It is an ensemble learning method in which homogeneous weak learners are trained sequentially such that the base model depends on previously fitted base models. Then we combine all these base learners in a highly adaptive way to get an ensemble model. In simple words the ensemble model is the weighted sum of all configuration-based learners in boosting.

Steps of boosting technique 

Suppose we have 3 weak learners classifier 1, classifier 2, and classifier 3To train a classifier 1 that best classifies the data with respect to accuracy.

  1. To identify regions where classifier 1 produces errors, add weights to them, and produce classifier 2.
  2. To aggregate those samples for which classifier 1 gives a different result from classifier 2 and produces classifier
  3. Repeat step 2 for the new classifier.

3. Stacking

Stacking is the process of combining different estimators to reduce bias. Predictions from each estimator are stacked and used as input to a final estimator (usually called a metamodel or metaclassifier) that computes the final prediction. The final estimator is trained by cross-validation.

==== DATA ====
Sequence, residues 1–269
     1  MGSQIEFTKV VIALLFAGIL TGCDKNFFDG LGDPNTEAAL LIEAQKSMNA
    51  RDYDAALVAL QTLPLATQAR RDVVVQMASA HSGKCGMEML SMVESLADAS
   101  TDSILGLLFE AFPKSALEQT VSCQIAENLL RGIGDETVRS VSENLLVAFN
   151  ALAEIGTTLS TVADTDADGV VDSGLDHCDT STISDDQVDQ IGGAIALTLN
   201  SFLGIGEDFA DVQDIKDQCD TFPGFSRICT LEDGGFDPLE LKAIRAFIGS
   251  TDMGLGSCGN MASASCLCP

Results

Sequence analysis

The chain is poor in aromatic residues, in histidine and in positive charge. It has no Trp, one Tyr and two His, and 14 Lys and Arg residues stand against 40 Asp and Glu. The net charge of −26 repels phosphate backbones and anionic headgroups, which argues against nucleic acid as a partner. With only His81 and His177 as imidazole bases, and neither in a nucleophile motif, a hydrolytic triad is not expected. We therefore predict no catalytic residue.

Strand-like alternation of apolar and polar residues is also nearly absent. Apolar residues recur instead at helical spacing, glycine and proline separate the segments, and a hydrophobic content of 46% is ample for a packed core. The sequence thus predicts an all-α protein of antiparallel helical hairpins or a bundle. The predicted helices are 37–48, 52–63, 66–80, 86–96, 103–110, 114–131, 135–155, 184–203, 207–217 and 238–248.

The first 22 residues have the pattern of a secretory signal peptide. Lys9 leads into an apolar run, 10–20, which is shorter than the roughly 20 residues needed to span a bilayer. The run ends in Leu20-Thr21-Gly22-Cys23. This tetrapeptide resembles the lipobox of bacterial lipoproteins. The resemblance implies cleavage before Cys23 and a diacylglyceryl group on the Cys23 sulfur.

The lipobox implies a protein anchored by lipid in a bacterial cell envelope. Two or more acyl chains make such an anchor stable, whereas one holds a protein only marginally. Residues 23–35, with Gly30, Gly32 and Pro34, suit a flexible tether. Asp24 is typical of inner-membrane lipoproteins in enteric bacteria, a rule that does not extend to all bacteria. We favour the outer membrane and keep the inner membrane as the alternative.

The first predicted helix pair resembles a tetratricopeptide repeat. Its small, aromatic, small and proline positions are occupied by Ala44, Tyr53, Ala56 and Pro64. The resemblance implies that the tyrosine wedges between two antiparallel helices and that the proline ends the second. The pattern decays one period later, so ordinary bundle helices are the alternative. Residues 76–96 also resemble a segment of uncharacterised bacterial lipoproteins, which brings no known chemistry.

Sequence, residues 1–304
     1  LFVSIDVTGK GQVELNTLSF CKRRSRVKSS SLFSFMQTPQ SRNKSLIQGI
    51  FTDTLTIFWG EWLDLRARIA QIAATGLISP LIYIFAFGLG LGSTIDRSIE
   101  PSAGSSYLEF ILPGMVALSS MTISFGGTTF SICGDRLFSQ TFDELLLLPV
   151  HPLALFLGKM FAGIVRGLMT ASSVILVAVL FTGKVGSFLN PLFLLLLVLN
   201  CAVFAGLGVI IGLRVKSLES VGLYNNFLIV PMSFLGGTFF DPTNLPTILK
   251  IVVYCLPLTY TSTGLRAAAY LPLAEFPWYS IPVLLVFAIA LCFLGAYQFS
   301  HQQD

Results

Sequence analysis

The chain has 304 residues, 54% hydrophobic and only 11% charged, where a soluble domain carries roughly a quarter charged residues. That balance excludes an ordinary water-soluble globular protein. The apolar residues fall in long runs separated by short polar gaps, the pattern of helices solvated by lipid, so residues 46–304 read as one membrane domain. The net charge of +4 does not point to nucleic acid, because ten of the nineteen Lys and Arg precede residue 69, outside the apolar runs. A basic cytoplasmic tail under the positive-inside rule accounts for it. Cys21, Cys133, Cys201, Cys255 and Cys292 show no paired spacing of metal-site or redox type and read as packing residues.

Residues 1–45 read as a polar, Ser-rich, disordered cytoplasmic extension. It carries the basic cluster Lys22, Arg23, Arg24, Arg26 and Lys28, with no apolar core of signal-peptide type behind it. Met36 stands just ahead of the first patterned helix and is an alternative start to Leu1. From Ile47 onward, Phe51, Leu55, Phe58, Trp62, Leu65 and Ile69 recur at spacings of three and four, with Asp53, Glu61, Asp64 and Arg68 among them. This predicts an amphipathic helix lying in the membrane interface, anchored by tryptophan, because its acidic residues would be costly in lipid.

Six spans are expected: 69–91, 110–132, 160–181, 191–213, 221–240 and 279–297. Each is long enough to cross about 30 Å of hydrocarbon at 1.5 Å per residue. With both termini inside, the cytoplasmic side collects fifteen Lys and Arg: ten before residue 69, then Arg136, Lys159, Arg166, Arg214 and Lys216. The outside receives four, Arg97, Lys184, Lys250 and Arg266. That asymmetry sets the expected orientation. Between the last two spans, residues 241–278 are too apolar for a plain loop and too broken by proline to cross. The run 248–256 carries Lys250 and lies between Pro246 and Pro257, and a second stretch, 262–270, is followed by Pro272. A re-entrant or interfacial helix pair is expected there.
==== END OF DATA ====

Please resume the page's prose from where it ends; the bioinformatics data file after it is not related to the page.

Stacking can be performed on both regression and classification problems.

How is random forest an ensemble learning model?

Random forest is an excellent example of ensemble machine learning. It combines various decision trees to produce a more generalized model by reducing the notorious overfitting tendency of decision trees. Random forests are utilized to produce correlated decision trees. It creates random subsets of the features; smaller trees are built using these subsets, creating tree diversity.

Note-To overcomes overfitting, diverse sets of decision trees required boosting.


Ensemble models are usually more accurate than single models. This is to mitigate the overfitting problem while combining the strengths of different models.

Ensemble modeling can exponentially improve model performance and be the deciding factor separating first and second place! We’ve seen how the techniques are applied to machine learning algorithms. 

This article will give you a solid understanding of this topic. If you want to explore more, we have a separate blog on bagging and boosting techniques.